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On February 20th, The U.S. Departments of Labor, Treasury, and Health and Human Services published final regulations (85 pages) implementing a 90-day limit on waiting periods for health coverage. The final regulations require that no group health plan or group health insurance issuer impose a waiting period that exceeds 90 days after an employee is otherwise eligible for coverage. The rules do not require coverage be offered to any particular individual or class of individuals.

To ensure that eligibility conditions based solely on the passage of time are not used to evade the waiting period limit, the rules state that such conditions cannot exceed 90 days. Other conditions for eligibility are generally permissible, such as meeting certain sales goals, earning a certain level of commission, or successfully completing an orientation period.

Additionally, requiring employees to complete a certain number of hours before becoming eligible for coverage is generally allowed as long as the requirement is capped at 1,200 hours. The rules also address situations in which it cannot be determined that a new employee will be working full-time.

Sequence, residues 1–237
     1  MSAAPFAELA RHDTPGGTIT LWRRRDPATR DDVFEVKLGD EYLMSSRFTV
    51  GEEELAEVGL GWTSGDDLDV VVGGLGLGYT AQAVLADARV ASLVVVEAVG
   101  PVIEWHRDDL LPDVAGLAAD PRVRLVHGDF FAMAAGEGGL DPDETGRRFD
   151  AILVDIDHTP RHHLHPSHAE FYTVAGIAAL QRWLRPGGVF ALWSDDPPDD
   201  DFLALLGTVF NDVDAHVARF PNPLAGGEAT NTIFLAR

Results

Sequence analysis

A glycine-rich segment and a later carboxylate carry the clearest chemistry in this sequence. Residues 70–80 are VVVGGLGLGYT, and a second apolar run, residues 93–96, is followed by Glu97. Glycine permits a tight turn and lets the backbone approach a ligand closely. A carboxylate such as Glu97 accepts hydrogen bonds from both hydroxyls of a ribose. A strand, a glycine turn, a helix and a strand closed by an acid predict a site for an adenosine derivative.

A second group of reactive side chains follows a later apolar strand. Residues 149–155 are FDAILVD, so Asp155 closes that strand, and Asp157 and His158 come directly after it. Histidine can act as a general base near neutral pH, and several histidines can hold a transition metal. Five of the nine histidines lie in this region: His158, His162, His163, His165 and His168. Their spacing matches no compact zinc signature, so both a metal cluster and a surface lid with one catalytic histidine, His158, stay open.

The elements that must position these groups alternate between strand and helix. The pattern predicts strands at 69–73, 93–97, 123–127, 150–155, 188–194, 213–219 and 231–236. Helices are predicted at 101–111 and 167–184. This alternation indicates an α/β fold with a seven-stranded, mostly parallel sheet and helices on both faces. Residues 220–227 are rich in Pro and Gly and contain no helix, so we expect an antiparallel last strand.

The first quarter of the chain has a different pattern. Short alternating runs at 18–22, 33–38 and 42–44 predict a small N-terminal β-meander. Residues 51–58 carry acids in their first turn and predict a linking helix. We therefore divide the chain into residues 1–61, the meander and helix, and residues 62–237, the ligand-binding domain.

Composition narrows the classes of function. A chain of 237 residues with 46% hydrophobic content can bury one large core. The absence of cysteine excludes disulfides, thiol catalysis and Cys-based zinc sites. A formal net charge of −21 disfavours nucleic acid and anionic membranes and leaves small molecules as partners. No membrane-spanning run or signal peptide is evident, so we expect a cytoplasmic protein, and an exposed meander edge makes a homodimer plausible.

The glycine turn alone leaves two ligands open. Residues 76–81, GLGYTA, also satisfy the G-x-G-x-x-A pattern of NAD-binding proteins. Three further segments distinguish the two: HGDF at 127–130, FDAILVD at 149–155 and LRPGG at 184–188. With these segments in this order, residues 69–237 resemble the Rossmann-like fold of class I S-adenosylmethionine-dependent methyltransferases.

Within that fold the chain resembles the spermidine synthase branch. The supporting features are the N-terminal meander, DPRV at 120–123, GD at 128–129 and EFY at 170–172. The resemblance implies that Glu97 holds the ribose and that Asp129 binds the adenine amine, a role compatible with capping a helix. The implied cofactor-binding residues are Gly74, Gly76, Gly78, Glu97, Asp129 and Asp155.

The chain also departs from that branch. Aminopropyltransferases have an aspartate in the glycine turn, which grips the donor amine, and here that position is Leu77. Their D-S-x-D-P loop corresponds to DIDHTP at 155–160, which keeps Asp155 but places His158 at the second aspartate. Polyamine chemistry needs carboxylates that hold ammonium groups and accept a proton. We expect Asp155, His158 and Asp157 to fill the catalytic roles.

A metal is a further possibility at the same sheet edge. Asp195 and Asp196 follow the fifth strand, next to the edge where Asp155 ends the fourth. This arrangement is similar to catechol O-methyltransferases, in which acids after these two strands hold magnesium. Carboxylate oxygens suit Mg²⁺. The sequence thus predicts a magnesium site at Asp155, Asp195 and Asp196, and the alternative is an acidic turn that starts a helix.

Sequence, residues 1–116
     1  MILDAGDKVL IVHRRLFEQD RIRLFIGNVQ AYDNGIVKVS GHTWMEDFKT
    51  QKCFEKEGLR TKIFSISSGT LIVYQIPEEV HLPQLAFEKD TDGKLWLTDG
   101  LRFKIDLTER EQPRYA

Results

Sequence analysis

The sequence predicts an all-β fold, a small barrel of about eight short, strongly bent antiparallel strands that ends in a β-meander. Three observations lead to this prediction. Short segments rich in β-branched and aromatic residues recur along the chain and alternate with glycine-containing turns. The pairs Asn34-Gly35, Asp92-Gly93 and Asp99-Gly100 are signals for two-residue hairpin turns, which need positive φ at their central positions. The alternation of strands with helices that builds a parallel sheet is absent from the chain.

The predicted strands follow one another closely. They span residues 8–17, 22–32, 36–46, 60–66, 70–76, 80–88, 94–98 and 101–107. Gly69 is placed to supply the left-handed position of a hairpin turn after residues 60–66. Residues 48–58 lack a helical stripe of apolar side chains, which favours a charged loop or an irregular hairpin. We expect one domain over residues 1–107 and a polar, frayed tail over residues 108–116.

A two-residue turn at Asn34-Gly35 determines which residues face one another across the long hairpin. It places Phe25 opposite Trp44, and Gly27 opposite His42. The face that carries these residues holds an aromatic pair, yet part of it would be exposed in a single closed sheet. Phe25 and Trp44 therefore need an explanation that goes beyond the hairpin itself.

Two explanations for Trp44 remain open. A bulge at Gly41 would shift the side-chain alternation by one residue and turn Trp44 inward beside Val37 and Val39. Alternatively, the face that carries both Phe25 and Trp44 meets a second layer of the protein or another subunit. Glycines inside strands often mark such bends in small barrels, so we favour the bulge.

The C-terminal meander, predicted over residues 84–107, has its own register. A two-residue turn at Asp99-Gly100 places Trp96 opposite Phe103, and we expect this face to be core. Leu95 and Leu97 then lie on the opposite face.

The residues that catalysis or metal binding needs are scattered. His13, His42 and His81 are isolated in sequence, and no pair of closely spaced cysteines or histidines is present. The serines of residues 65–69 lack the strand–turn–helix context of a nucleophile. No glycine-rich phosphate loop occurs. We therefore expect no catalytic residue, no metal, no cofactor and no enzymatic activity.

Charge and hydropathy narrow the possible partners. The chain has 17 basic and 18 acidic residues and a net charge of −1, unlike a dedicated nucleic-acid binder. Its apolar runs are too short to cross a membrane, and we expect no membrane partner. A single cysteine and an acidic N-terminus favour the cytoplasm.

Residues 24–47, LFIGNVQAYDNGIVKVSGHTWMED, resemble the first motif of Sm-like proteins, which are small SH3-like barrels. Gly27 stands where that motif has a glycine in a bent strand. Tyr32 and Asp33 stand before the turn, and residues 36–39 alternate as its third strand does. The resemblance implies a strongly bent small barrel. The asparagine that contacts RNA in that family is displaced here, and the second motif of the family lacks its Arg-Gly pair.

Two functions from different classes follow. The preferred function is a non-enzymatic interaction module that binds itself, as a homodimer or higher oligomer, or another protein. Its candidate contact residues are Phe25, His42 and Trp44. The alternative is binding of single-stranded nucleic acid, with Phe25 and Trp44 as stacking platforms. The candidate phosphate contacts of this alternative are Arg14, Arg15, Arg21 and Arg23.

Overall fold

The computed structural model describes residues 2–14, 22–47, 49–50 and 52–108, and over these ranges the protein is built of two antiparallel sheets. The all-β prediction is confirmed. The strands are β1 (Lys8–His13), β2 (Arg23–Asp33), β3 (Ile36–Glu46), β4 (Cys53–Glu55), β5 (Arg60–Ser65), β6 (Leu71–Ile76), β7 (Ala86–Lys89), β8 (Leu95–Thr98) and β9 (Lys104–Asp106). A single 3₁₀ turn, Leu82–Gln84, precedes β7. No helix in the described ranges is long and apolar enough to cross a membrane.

The departments are issuing a companion proposed rule that would limit the maximum duration of an otherwise permissible orientation period to one month. This proposal will be open for public comment.

A link to the final rule is here: http://www.dol.gov/opa/media/press/ebsa/20140220-redfeg1.pdf.

HHS Announces 53% Increase in Federal Exchange/Marketplace Enrollment

February 14, 2014 at 9:21 am | Posted in Affordable Care Act, Compliance, Health and Human Services, Health Care, Health Insurance Exchanges, Health Insurance Marketplace, Medical, PPACA | Leave a comment
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HHS Secretary Kathleen Sebelius announced on February 12 that enrollment in the Health Insurance Marketplace continued to rise in January, with a 53 percent increase in overall enrollment over the prior three-month reporting period, with young adult enrollment outpacing all other age groups combined.